'BigStitcher' reconstructs terabyte datasets

Editorial

Rebecca Pool

Wednesday, August 14, 2019 - 21:45
Image: Cross-section through the complete nervous system of a fruit fly larva. [Janelia/MDC]
 
A team of researchers from Germany, UK and the US have unveiled software to process the vast swathes of data generated by expansion microscopy and light sheet imaging.
 
Light-sheet imaging of cleared and expanded samples creates terabyte-sized datasets that consist of many unaligned 3D image tiles.
 
So-called BigStitcher can reconstruct these before analysis, enabling interactive visualisation, fast and precise alignment, deconvolution of multi-view datasets and much more.
 
“With the aid of modern light-sheet microscopes, which are now found in many labs, large samples processed by these methods can be rapidly imaged,” says Dr Stephan Preibisch from the Berlin Institute for Medical Systems Biology.
 
“The problem, however, is that the procedure generates such large quantities of data - several terabytes - that researchers often struggle to sift through and organise the data,” he adds.
 
To tackle this problem Preibisch and colleagues including researchers from Janelia Research Campus, Howard Hughes Medical Institute, US, developed BigStitcher, which delivers reconstructions that resemble, as they say, Google Maps in 3D mode.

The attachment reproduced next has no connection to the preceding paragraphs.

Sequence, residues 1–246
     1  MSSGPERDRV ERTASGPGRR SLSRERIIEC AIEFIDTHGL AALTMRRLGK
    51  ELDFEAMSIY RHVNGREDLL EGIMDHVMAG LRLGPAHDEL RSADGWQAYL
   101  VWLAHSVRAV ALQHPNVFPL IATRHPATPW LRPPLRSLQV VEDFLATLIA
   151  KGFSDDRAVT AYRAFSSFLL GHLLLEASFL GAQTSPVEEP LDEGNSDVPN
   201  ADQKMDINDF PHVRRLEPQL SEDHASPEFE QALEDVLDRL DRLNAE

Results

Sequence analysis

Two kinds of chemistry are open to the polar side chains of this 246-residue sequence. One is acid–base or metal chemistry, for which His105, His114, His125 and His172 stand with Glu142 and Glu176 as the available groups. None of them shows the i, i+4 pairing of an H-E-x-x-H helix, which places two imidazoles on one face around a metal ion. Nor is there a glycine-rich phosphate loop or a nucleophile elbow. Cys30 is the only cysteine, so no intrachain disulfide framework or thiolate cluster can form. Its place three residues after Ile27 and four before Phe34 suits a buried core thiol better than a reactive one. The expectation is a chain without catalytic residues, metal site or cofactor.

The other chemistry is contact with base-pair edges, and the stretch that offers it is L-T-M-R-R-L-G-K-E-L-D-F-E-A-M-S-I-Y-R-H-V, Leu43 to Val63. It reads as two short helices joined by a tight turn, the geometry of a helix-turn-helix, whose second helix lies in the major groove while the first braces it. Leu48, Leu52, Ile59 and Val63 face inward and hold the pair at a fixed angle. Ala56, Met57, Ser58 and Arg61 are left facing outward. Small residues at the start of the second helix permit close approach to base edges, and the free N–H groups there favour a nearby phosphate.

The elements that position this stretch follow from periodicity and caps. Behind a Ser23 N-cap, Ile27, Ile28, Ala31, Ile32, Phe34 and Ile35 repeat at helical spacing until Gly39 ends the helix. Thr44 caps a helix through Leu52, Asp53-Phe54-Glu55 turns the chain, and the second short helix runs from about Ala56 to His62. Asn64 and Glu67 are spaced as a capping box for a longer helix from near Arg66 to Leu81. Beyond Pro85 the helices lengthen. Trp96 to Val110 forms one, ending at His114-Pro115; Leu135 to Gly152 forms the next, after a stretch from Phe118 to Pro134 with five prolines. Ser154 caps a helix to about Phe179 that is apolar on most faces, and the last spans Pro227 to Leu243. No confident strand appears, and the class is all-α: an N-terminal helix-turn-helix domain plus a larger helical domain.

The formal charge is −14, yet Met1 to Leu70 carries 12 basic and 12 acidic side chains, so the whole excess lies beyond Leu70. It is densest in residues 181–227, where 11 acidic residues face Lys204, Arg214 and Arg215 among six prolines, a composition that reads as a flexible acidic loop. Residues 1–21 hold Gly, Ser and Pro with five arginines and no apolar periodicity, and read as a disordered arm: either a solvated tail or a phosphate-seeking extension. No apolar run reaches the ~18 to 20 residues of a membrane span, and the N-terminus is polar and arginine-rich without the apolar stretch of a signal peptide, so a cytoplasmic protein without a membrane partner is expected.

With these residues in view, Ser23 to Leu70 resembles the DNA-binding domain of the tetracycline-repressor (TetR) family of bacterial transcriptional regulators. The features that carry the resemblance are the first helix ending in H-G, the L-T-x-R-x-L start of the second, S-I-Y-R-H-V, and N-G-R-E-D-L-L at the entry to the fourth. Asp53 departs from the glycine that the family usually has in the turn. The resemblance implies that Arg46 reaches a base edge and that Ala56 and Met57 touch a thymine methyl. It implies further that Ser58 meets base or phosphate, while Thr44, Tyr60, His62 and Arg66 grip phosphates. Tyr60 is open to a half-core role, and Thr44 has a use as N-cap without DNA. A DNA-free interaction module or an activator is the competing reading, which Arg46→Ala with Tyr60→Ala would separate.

“One can not only get an overview of the big picture, but can also zoom in to specifically examine individual structures at the desired resolution,” highlights Preibisch.
 
“Our software runs on any standard computer,” he adds. “This allows the data to be easily shared across research teams.“  
 
Two virtual right-angled cross-sections through the complete nervous system of a fruit fly larva. Each section highlighted in colour is a large 3D image that has been automatically assembled like a mosaic into an overall image hundreds of gigabytes in size. [Janelia / MDC]
 
As the researchers explain in Nature Methods, BigStitcher enables interactive visualisation, fast and precise alignment, spatially resolved quality estimation, real-time fusion and deconvolution of dual-illumination, multitile, multiview datasets.
 
What's more, the software also compensates for optical effects, thereby improving accuracy and enabling subsequent biological analysis.
 
The program is distributed within the Fiji framework, where any interested scientist can download and use the plug-in free of charge.
 
Research is published in Nature Methods.
 
 
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